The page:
Sunday, March 28, 2010

Financial Reform

More than a year after the 2008 financial collapse Senate Banking Chair Christopher Dodd of Connecticut made a formal release of a proposed financial reform bill. Senator Dodd directed his Banking Committee staff to up load an Acrobat summary of the bill, which is 12 pages and titled “Restoring American Financial Stability.”

The bill intends to create three new independent agencies: the Consumer Financial Protection Agency, the Agency for Financial Stability, the Financial Institutions Regulatory Administration.

It intends to create a new Office of National Insurance at the Department of the Treasury and a new Office of Credit Rating and an Office of Investor Advocate at the Securities and Exchange Commission.

Many of the duties and authorities of the agencies are combined from other existing offices and agencies, especially the Federal Reserve Bank. Under the new bill the Federal Reserve Bank would continue to manage monetary policy and be the lender of last resort, but it would lose many of its consumer and bank regulatory duties.

New duties for the new agencies include authority for the Securities and Exchange Commission (SEC) to regulate derivatives and hedge funds. New SEC duties give authority to examine credit rating agencies, disclose their methodologies and track record and deregister an agency. There are new proposals to regulate municipal securities advisors and dealers with enforcement through the SEC.

The bill provides for an annual assessment of the Securities and Exchange Commission, an apparent attempt to regulate the regulators, where an Investment Advisory Committee will watch over SEC practices and priorities along with a new Office of Investor Advocate.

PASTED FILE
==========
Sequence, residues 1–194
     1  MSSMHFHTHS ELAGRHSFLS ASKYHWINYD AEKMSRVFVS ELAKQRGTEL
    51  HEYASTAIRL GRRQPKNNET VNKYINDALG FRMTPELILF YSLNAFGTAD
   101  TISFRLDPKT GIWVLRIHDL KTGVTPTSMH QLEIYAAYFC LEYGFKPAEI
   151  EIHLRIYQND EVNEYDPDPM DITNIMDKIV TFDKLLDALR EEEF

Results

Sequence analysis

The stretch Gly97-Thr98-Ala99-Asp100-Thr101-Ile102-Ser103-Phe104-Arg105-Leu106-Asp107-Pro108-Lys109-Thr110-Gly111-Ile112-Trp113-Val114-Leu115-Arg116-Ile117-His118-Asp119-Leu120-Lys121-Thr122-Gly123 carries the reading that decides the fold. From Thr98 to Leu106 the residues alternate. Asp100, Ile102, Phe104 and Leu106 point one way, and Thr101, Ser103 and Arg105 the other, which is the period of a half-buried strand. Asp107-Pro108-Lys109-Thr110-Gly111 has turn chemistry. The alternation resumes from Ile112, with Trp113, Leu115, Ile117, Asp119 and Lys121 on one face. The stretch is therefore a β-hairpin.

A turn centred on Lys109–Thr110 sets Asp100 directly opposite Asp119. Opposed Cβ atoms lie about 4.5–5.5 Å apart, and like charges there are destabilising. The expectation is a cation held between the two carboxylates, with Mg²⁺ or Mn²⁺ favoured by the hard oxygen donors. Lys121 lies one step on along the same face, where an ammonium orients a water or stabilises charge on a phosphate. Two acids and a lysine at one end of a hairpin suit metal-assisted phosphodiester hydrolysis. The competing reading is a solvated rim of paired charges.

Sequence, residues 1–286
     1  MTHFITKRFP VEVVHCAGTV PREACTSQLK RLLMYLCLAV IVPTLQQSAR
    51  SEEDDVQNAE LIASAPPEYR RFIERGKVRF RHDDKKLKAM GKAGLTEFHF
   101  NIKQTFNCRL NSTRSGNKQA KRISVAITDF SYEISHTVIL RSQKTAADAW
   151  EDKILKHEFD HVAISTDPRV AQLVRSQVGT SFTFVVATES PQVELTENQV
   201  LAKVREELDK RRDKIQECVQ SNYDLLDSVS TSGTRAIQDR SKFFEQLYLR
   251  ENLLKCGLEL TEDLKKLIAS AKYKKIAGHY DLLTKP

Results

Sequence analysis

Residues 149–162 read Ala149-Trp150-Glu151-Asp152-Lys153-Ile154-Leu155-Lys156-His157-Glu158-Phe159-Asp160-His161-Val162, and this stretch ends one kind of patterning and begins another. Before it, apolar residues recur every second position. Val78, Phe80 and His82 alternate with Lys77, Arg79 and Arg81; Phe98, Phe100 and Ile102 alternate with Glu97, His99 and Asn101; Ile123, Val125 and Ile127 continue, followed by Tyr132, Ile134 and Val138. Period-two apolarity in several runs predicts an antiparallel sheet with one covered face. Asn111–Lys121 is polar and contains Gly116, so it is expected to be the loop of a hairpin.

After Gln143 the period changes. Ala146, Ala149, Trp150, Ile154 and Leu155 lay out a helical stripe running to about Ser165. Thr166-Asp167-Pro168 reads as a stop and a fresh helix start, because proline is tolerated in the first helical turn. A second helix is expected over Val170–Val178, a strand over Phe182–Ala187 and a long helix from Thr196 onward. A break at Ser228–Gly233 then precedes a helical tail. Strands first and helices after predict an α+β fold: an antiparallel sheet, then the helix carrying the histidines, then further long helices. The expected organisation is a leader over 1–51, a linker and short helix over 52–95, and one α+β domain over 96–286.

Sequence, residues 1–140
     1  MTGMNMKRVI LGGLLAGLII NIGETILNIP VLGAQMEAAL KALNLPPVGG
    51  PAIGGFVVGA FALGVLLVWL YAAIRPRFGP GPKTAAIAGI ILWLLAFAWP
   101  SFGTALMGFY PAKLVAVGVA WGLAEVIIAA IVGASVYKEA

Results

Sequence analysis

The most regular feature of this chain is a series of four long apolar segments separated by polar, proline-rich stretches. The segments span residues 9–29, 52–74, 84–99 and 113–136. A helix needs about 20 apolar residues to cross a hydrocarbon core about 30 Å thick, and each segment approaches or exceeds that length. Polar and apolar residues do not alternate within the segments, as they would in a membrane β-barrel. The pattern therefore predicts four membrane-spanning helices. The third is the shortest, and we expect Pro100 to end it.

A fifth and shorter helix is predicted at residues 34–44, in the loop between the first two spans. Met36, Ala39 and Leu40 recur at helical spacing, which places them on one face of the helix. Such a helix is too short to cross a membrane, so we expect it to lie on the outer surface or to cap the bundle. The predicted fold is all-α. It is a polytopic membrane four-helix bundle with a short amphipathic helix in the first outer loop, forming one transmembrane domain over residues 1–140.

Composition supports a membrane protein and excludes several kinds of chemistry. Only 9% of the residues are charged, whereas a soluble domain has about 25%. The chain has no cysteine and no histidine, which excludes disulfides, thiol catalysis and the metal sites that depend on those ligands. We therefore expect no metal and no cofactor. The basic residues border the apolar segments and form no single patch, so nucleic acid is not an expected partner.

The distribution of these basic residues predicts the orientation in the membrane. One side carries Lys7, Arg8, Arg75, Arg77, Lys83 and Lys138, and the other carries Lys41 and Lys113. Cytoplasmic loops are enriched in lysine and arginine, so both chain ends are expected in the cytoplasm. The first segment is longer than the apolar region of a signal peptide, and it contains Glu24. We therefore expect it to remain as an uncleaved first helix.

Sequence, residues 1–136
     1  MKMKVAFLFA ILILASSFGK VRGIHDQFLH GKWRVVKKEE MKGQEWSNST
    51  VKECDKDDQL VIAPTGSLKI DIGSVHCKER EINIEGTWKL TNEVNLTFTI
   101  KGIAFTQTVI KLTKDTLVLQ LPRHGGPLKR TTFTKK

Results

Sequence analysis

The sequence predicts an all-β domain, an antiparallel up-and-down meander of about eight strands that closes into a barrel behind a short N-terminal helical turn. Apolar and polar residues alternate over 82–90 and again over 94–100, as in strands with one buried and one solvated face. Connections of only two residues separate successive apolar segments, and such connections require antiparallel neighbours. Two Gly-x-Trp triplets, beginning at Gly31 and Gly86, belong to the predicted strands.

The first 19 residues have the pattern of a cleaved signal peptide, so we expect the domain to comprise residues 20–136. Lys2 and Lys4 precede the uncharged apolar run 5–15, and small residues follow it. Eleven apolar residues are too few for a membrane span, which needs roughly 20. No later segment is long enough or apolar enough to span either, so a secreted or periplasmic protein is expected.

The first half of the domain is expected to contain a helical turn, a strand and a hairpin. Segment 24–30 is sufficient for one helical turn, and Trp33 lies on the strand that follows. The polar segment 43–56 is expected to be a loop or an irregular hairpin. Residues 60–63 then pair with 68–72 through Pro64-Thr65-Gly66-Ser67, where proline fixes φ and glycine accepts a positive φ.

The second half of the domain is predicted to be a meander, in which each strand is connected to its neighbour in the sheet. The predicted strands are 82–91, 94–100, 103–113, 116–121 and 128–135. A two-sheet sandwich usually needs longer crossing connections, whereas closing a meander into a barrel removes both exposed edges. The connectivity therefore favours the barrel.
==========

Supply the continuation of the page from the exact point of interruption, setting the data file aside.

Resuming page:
There are more changes in corporate governance and shareholder rights and a page with the caption “Ending Too Big to Fail” describing new requirements for “limiting large, complex companies and preventing future bailouts.”

Back in 1998 the director of the Commodities Futures Trading Commission, a women named Brooksley Born, argued derivatives should be regulated because banks were taking risks lending money to hedge funds to buy derivatives. To shut her off Congress passed legislation prohibiting the Commodity Futures Trading Commission from writing new rules to regulate derivatives.

A review article [“What went Wrong” Washington Post, 10/15/2008] from last fall quotes former Federal Reserve Chair Alan Greenspan: “Regulation of derivative transactions that are privately negotiated by professionals is unnecessary.”

Apparently Congress agreed with Alan Greenspan that professionals are infallible, but that was in 1998. Now they think they are greedy and irrational and need to be controlled with new agencies and regulations.

Truth is that nothing has changed from the 1990’s or the 1930’s. Financial crises occur because banks only hold a fraction of deposit liabilities in reserve to pay for checks. If banks make enough risky loans for things like derivatives that default they will not be able to clear checks for account holders who need to make payments. Unless there is a bailout, business transactions will halt and the economy will collapse.

Back in the 1930’s there were many gamblers who took risks and bought stocks with borrowed money. After many banks failed Congress passed the National Banking Act of 1933 and the Securities and Exchange Act of 1934, which included Federal Reserve authority to set Margin Requirements: requirements that limit the percentage of borrowed funds to buy financial assets.